'I would love to give the Leo Awards a ginormous thanks for making people under the trans umbrella feel more welcomed in the world,' 11-year-old Canadian actor Ameko Eks Mass Carroll said in a statement.
Award shows are still struggling with gender diversity on a binary level. While films like Moonlight and Jackie are propelling women to rare nominations for editing and original scores, men still make up 80% of all Oscar nominees. When it comes to trans and non-binary people, the situation is obviously worse. Only two trans people have ever been nominated for Oscars — and one of them famously decided to boycott the ceremony.
But it looks like demands for the industry to do better are being heard. Canada's Leo Awards has just declared 11-year-old gender-fluid actor Ameko Eks Mass Carroll of Liminia eligible in both male and female categories, The Hollywood Reporter announced. The decision follows the Academy of Motion Picture Arts and Sciences allowing gender-fluid performer Kelly Mantle eligibility for both male and female awards.
"We are proud to join our colleagues at the Academy in recognizing the importance of inclusivity when honoring artistic excellence," Walter Daroshin, Chair of the Motion Picture Arts & Sciences Foundation of British Columbia and President of the Leo Awards said in a statement.
Joshua M. Ferguson, a non-binary trans person who co-directed and produced Limina (alongside Florian Halbedl), believes that the Leos are sending a powerful message to the entertainment industry. "Hopefully this decision will open up the important conversation at union levels, other awards, organizations and granting agencies across the country to strive for inclusivity in the industry when it comes to trans people and diversity."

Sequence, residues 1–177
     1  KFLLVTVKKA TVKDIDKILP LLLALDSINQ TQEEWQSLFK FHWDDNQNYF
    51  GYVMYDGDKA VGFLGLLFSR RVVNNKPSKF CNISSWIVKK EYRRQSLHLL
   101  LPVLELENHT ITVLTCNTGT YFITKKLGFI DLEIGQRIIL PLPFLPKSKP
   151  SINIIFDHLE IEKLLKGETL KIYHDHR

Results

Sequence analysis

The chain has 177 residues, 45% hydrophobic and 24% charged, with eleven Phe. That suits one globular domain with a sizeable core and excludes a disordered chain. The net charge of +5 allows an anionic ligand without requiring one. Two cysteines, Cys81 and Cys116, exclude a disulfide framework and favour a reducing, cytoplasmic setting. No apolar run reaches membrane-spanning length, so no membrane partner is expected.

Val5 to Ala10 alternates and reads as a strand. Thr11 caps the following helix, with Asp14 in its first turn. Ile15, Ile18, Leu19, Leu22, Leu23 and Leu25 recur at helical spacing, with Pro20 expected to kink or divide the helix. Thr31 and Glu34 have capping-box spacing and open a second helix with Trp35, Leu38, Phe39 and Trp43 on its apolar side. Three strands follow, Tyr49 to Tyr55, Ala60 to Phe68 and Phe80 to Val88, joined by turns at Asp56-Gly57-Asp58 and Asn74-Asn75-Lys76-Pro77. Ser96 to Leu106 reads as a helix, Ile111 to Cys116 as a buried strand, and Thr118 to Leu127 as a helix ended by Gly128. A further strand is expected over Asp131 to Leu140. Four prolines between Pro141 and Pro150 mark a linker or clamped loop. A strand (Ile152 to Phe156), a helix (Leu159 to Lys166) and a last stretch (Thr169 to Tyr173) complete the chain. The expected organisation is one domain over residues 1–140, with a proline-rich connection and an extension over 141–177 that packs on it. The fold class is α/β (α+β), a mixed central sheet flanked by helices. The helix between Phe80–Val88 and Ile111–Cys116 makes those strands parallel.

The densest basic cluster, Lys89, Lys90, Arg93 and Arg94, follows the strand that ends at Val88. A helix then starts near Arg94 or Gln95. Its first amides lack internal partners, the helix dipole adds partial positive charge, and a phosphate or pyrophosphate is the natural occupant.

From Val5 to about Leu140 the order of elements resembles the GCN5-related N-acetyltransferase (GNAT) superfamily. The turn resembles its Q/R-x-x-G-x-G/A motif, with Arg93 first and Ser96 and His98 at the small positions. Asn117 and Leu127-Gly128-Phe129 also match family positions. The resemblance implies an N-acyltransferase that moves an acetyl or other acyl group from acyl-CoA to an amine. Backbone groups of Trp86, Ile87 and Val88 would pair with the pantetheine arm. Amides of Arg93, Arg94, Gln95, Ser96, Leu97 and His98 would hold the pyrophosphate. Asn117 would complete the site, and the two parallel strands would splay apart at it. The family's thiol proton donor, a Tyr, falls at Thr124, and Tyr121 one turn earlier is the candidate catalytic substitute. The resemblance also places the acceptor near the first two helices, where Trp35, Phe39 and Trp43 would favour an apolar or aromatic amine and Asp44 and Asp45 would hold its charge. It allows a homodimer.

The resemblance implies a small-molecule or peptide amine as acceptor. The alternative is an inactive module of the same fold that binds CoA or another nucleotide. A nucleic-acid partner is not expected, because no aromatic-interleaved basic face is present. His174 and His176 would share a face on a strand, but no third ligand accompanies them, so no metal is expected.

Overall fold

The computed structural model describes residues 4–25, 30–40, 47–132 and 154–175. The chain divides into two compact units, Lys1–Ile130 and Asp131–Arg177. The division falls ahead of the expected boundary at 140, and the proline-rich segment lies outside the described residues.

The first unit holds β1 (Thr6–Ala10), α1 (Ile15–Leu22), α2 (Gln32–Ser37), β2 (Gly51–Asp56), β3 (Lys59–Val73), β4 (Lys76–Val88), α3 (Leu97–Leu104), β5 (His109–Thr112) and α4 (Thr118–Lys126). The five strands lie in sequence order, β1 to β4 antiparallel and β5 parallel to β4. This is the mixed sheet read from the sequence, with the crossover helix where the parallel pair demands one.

Limina is an indie short fiction-film that follows an intuitive gender-fluid child embarking on a path of kindness. Its tween lead had a more straightforward interpretation of the Leo's decision, offering "a ginormous thanks for making people under the trans umbrella feel more welcomed in the world." Those people probably have an equally ginormous thanks for Ameko, who is helping to remind the world at large that non-binary gender identities still need to be recognized and respected — both IRL and on screen.
Text Hannah Ongley
Image via YouTube